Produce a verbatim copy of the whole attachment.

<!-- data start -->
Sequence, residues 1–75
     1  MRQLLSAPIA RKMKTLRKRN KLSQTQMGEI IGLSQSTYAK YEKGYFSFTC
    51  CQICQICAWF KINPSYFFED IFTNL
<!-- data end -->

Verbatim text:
Sequence, residues 1–75
     1  MRQLLSAPIA RKMKTLRKRN KLSQTQMGEI IGLSQSTYAK YEKGYFSFTC
    51  CQICQICAWF KINPSYFFED IFTNL